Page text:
As the investigation began to implicate her, Rogers came forward for an interview with KETV. Her lawyer at the time, Megan Mikolajczyk, had been prepared to go to the media, as well, but canceled saying, “Things have changed.” Soon, she was off the case. 

“I start to feel like a pawn in a game that isn’t my game. I didn’t ask for this,” Rogers said while sobbing. “What matters is the story.”

She said a shocking event like this “ignites fires – and that’s a good thing, in some ways. It can also be a very bad thing.”

“There is fear, but there is resilience,” she said. In what may have been a reference to President Obama’s re-election slogan, she concluded, “There is Forward.”

Police took her before a Lancaster County judge on Tuesday, charging her with reporting an event “she knew to be false,” as part of a plot to cause police to “instigate an investigation of an alleged criminal matter.”

FBI pathologist Michelle Elieff, who had been called in to investigate the presumed hate crime, wrote in the arrest warrant that the wounds were self-inflicted or caused by permission. “The FBI, the Bureau of Fire Prevention and the Lincoln Police Department have spent an exorbitant amount of time and personnel resources investigating this,” Peschong said.

Rogers pleaded not guilty on Tuesday to one count of making a false police report, a misdemeanor punishable by up to one year in jail. The judge released her on her own recognizance, setting a trial for September 14.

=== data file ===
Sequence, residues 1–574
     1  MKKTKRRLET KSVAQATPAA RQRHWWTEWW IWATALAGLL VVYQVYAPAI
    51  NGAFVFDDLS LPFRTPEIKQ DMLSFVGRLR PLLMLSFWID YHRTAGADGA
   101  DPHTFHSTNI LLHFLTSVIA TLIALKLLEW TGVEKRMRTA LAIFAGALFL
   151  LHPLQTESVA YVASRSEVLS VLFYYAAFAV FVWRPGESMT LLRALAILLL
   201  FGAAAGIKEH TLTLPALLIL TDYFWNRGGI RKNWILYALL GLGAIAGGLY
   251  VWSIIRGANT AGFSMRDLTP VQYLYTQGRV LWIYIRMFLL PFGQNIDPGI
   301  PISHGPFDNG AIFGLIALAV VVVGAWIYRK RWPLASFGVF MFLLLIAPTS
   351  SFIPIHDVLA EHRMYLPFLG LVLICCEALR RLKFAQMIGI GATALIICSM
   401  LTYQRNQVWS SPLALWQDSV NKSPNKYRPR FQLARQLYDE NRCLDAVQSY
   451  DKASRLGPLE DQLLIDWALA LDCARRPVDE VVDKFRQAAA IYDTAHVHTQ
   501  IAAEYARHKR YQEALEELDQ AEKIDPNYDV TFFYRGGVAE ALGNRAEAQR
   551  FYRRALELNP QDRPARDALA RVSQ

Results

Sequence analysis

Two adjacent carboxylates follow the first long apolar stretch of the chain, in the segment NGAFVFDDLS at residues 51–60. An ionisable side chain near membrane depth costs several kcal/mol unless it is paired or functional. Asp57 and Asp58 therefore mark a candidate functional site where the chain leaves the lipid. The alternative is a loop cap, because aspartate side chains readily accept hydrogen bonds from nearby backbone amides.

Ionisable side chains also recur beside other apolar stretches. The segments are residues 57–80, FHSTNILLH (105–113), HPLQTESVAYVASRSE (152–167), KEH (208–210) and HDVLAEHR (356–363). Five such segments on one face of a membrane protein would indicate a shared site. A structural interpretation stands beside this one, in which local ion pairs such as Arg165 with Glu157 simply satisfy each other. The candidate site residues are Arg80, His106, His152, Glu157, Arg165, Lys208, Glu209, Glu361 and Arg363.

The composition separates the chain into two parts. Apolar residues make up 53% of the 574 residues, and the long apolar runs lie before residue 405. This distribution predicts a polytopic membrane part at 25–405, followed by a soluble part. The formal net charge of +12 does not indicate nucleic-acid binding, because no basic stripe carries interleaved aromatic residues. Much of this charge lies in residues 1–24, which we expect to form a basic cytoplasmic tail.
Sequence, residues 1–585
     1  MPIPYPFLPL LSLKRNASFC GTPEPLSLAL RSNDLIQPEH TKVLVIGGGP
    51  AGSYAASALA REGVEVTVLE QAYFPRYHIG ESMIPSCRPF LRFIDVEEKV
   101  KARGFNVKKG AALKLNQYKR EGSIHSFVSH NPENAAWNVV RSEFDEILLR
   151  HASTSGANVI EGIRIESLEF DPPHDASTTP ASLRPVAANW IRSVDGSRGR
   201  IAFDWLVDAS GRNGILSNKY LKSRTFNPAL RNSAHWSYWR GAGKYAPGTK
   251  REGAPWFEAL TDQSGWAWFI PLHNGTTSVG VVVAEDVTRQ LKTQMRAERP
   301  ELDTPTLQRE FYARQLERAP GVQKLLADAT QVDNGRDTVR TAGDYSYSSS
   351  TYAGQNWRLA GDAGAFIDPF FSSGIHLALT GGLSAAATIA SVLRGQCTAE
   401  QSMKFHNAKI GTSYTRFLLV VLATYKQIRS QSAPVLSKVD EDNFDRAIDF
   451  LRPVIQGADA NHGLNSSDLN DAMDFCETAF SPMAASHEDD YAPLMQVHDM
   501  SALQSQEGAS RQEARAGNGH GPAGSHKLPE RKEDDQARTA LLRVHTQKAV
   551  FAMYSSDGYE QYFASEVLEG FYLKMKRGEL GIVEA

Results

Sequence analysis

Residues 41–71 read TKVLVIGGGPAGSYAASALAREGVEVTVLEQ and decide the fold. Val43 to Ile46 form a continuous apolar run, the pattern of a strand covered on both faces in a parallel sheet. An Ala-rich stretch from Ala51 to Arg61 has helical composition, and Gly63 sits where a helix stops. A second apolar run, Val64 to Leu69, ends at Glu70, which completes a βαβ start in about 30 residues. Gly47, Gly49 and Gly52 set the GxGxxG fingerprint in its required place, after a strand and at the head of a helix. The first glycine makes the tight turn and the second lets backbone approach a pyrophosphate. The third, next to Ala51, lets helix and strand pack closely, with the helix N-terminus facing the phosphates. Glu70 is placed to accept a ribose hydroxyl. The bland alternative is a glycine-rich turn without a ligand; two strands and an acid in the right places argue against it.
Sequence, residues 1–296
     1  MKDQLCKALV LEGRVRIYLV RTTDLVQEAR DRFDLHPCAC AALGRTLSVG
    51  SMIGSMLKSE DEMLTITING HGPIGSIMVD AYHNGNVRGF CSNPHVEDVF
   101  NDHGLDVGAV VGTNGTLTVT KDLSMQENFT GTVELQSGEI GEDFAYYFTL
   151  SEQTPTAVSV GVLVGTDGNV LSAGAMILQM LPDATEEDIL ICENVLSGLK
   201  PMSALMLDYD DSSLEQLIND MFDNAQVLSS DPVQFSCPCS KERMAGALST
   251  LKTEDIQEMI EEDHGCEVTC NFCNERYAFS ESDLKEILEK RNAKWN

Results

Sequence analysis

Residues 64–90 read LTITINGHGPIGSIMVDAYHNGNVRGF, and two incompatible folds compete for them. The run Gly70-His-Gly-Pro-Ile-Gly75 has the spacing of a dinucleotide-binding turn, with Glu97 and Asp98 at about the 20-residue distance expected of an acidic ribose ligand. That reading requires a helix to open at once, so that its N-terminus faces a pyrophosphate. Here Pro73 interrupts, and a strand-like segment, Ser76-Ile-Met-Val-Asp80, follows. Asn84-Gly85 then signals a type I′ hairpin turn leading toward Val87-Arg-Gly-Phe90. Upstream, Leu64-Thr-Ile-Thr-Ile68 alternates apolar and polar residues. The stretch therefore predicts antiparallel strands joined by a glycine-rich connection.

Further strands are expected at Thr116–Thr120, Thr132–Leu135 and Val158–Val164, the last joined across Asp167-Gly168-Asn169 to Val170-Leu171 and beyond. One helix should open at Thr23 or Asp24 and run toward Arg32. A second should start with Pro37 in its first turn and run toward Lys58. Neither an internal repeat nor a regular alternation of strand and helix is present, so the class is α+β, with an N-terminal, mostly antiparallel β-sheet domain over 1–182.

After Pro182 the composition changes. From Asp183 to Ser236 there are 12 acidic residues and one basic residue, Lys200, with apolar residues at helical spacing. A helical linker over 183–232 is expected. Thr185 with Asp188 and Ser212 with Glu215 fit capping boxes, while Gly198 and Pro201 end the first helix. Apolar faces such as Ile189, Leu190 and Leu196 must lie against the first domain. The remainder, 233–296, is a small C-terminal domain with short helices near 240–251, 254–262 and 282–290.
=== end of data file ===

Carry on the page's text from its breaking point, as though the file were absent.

The fact that her story was another in a string of apparent hate crime hoaxes did not cause local LGBT lobbying organizations to rethink their political lobbying activities.
 
“Even if she did it, we still live in a culture of homophobia,” said the First Plymouth Congregational Church’s associate pastor, Nancy Erickson.

Star City Pride, PFLAG Cornhusker, and two other LGBT organizations released a joint statement in reaction to Rogers’ arrest, stating, “The false reports received by law enforcement every year do not invalidate the actual crimes that are committed.” 
 
One of the organizers of the Lincoln rally, Beth Rigatuso, said, “If in fact she did do this to herself, it points to a much larger issue of self-hatred.” 

Linda Rappl, the neighbor who came to Rogers’ aid, said, “This whole thing has really shaken my faith in humanity.”

She and Lincoln police have suggested Rogers get counseling.   

The alleged hoax arrest comes shortly after a Montana man, Joseph Baken, claimed he was beaten up on his 22nd birthday for being homosexual. After his story went viral, police discovered he had simply botched a backflip and slammed his face into the pavement.

Baken capped off a series of faux hate crimes allegedly directed against gays and lesbians, as well as other minorities.

Earlier this year, Central Connecticut State University held a “solidarity rally” on behalf of 19-year-old Alexandra Pennell, a lesbian allegedly receiving hate notes, which officials later discovered she had planted herself. 

In May, police charged a lesbian couple in Colorado with writing “Kill the Gay” on their own garage

A substantial number of hate crimes hoaxes take place each year, whether on sexual or racial grounds. 

Jeff Laszloffy, president of the Montana Family Foundation, told LifeSiteNews.com earlier this month there is a dearth of real violence against homosexuals, “so they’re having to gin up excuses to get these laws passed.”

 


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Thaddeus Baklinski Thaddeus Baklinski Follow Thaddeus

African researchers warn early sexual activity increases risk of cancers

Thaddeus Baklinski Thaddeus Baklinski Follow Thaddeus
By Thaddeus Baklinski